Wood products are usually inexpensive if they are made from locally sourced waste wood. One problem with wood is that the material is not consistent from batch to batch and you have no idea what chemicals might be included with the waste wood. In some cases, products are now made from trees harvested specifically for the purpose. That is probably not more environmentally friendly than using peat.

Anthony Witcher, a horticulturist at the USDA Thad Cochran Southern Horticultural Laboratory has this to say about the wood option, “Commercially, I think we could switch to 50 percent wood in our growing media. It could be an even higher ratio, but I think growers would have to address such issues as crop fertilizer and irrigation needs due to the reduced nutrient and water-holding capacity.” In most cases, a wood based medium would still contain a significant level of peat. (ref 7).

In Ontario, I am finding more and more landscape trees being sold in media that includes wood.

Yard Waste Compost

Municipalities and private companies are making compost from yard waste and industrial organic material ( sugar  cane fiber, olive and grape mash, rice and peanut hulls, cotton gin waste (ref 3)).

The resulting product may be seed free depending on the process and material used, and it usually has a low level of disease spores, but it is not sterile as some people claim.

Compost has a high nutrient level, making it unsuitable for pot culture on its own. It needs to be mixed with something else so that the compost level is no more than 30% (ref 2).

Composted Municipal Sewage Waste

Composted sewage waste, provided it is free of heavy metals, could be a suitable additive to potting media, but it is not accepted by the general population as a safe product. Even if it was accepted, this nutrient rich compost could only be used for a portion of the media and not as an alternative to peat moss.

Biochar

Biochar is a product that is produced by heating organic matter to high temperatures (300-500°C) in the absence of oxygen. The result is a very stable form of carbon (ref 4).

Biochar has been tested as an agricultural additive to soil and has shown mixed results (ref 3). Because of this and regulatory issues, commercial biochar is not readily available.

Even if further testing is positive it will probably only play a minor role in media as an additive.

Paper and Cellulose

A few products have been introduced to the market that are made from recycled paper and cellulose. Little scientific research has been done on them.

I contacted Pittmoss, one company that has been in the news a lot recently and asked for copies of scientific studies that compared their product to peat. They were unable to send any and none exist on their website.

Live Sphagnum Moss

The best peat for horticulture comes from sphagnum moss bogs. The sphagnum moss grows in the bog and accumulates over time forming peat moss. Over the last 15 years a number of studies have looked at the moss itself and found that it works just as well as peat moss, and in some cases it is even better (ref 5).

The harvested live plants, called sphagnum biomass, is a good alternative to peat, but it is not readily available. To change this, work has been done on developing sphagnum moss farming, where fields of sphagnum moss are grown specifically for harvesting. One of the ideal places to grow this moss is on old peat fields that have already been used to harvest pest. This has several environmental benefits. When water is returned to these fields to grow the moss, they stop producing CO2. Moss farming also uses land that is unsuitable for many other purposes.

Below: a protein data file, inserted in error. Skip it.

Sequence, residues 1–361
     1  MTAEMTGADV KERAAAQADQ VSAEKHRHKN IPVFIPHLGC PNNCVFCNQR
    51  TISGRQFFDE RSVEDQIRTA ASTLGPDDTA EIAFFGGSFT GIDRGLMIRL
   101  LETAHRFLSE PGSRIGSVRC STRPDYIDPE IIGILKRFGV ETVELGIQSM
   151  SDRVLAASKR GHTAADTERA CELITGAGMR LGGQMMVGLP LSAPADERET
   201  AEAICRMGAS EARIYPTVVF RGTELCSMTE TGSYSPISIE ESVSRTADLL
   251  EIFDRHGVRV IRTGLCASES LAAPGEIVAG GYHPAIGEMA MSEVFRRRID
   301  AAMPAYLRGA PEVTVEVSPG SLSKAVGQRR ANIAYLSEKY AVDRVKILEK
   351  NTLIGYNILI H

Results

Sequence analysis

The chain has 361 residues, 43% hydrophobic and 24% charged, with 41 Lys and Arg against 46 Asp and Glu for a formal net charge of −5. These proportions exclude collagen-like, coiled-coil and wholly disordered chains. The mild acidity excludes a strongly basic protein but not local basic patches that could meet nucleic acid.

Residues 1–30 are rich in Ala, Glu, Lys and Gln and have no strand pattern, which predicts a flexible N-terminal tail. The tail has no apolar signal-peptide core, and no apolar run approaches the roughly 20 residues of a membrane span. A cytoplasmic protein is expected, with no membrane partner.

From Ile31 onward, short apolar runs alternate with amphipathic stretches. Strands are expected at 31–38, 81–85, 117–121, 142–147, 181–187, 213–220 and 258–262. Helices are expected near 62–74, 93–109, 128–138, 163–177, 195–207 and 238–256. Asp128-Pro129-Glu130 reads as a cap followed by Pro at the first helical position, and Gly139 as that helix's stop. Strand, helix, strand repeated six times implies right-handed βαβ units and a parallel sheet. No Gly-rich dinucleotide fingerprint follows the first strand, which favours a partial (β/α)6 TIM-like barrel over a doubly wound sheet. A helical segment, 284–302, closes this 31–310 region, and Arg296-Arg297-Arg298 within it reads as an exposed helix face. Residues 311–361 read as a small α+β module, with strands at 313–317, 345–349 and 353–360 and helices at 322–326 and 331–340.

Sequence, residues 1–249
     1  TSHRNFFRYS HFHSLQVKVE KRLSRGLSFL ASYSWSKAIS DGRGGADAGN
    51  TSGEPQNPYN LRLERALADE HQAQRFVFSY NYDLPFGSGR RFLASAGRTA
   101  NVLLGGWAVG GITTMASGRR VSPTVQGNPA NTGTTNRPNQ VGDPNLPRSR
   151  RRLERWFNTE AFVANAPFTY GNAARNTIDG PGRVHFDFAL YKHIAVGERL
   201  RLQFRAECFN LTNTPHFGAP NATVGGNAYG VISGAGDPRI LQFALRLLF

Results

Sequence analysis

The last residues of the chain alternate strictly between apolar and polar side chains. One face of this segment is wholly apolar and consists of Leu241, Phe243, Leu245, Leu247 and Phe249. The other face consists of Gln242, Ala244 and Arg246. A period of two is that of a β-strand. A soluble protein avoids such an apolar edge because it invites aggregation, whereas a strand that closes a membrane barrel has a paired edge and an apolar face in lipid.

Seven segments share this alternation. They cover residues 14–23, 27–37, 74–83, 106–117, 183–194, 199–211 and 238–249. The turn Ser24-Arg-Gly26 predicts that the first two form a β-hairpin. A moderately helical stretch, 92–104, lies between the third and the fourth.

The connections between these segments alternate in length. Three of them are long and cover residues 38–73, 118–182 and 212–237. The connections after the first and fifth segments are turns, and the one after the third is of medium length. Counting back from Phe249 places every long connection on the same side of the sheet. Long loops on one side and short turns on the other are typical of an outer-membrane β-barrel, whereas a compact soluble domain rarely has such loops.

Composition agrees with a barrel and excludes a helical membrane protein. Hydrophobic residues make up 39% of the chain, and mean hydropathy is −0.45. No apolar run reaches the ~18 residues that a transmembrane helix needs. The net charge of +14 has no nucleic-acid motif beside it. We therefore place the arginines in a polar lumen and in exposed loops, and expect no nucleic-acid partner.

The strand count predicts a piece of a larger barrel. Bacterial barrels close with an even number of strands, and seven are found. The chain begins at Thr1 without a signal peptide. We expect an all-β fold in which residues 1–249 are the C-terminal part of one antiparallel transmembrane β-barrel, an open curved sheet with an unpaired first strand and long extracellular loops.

Sphagnum farming is very new and can’t be considered an alternative at the moment, but long term, it might turn out to be the best alternative.

The video below shows a system for harvesting live sphagnum peat moss.

If the above video does not run try: https://www.youtube.com/watch?v=oIcMr8u1B5U

Coir

Coir is made from the husk of coconuts and is the waste product remaining after the coconut is harvested. It comes close to having the same properties as peat moss. Many people now claim that it is the ideal alternative to peat moss, but is this just another myth? I will have a closer look at coir in my next post.

 References:
  1. Envoronmentally-friendly Alternatives to Peat; http://www.eolss.net/sample-chapters/c08/e3-04-06-06.pdf
  2. Royal Horticuture Society – Peat-free Growing Media; https://www.rhs.org.uk/Advice/Profile?pid=441
  3. Growing Substrates Alternative to Peat for Ornamental Plants; https://www.researchgate.net/publication/281064937_Growing_Substrates_Alternative_to_Peat_for_Ornamental_Plants
  4. Biochar – A Home Gardener’s Primer; http://cru.cahe.wsu.edu/CEPublications/FS147E/FS147E.pdf
  5. Sphagnum Farming in Germany; http://mires-and-peat.net/media/map13/map_13_08.pdf
  6. Millions of Gardeners to be Banned From Using Peat; http://www.dailymail.co.uk/home/gardening/article-1339563/Millions-gardeners-banned-using-peat-protect-Britains-bogs.html
  7. Is Wood a Viable Media Component?:http://www.greenhousegrower.com/production/media/is-wood-a-viable-media-component/
  8. Photo source: KirinX

 

Robert Pavlis
Editor of GardenMyths.com
I live in southern Ontario, Canada, zone 5 and have been gardening a long time. Besides writing and speaking about gardening, I own and operate a 6 acre private garden called Aspen Grove Gardens which now has over 3,000 perennials, grasses, shrubs and trees. Yes--I am a plantaholic!

I hope you find Garden Myths an educational site that helps you understand your garden better.

15 Responses to 'Peat and Peat Moss Alternatives'

  1. Magnus Palm says:

    Regarding your section about biochar, you mention that it “has shown mixed results”, but in the reference it is mentioned as a significant improvement to peat-only systems, especially when it comes to the proportion of marketable plants. The only “mixed results” I can find in the source is that it matters what material the biochar is produced from – but both types mentioned improves a peat-only system.